Professor of English and Program Director of Gay and Lesbian Studies David Collings offered several measures students could take to tackle climate change, including joining an ecological revolution, contributing everything they can in their jobs to alleviating the problem, and to stop flying in airplanes. “These are difficult things,” he said. “If you can’t quite get to zero emissions, you should consider buying offsets of your own.” Buying offsets, he added, helps remind us that our activities do affect the planet, and that we should try to reduce that impact. Finally, Collings suggested not having children. “Our population on the planet is way beyond the carrying capacity of the earth,” he said.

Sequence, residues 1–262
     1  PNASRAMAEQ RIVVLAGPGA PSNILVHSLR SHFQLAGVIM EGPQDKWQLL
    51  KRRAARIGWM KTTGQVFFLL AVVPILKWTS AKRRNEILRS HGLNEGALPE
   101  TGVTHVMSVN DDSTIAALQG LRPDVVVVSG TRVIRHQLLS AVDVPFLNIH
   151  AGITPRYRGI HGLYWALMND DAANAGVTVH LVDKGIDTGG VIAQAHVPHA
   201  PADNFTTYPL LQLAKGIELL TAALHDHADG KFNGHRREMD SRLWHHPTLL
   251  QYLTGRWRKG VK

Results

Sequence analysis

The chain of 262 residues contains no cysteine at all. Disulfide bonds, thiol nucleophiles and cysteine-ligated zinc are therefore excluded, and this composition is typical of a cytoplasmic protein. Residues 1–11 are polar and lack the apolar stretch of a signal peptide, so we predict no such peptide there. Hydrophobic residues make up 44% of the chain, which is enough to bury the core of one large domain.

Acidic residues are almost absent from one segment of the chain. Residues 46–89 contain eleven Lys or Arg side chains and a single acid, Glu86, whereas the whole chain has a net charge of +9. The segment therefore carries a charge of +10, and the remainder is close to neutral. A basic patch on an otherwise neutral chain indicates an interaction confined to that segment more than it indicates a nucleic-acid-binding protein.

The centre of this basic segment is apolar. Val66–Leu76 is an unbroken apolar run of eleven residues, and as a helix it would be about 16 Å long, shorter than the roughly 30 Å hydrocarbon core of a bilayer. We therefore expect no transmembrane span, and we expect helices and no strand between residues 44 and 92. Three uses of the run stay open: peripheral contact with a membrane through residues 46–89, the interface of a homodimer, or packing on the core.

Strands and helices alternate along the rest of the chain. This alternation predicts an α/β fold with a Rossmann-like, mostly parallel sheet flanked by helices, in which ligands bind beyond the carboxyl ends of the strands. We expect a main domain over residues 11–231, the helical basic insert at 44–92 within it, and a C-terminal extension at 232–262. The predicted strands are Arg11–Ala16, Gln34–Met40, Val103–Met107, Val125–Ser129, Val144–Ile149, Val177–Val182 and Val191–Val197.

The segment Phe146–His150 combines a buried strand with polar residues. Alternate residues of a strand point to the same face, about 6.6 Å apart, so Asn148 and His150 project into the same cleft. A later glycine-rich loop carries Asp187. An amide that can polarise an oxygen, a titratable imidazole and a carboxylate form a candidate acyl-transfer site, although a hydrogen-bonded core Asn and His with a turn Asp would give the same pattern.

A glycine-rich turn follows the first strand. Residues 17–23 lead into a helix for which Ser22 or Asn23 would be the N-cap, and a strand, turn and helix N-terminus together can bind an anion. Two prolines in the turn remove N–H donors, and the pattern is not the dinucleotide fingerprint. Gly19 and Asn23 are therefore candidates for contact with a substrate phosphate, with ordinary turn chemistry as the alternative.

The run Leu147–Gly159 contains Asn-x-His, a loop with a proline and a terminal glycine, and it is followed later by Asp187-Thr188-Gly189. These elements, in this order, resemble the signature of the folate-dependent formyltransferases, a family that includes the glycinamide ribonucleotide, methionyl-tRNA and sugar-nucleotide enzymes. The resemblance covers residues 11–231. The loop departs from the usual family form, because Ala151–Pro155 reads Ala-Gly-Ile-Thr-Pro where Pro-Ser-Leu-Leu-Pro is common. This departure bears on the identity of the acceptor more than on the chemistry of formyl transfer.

Treasurer and Senior Vice President for Finance and Administration Katy Longley spoke about Bowdoin’s actions to reduce its carbon footprint, and urged students to learn about, and get involved in, the school’s efforts. In 2007, President Barry Mills signed a climate change commitment to become carbon neutral by 2020. Since 2008, the College has reduced its greenhouse gas emissions by 24%. Bowdoin has also converted from #6 oil to natural gas and installed a co-generation facility and some solar thermal panels. Longley also pointed out that Dining Services has a “big farm-to-table” initiative, and that the College is greening its fleet of cars by buying hybrid vehicles. In the future, Bowdoin is looking into installing a solar photovoltaic system on Farley Field House, possibly adopting fuel cell technology, and designing an ecological trail system for the 200 or so acres the College is acquiring on the former navy base. “Many of these projects might lend themselves to independent studies or research for your classes,” she said.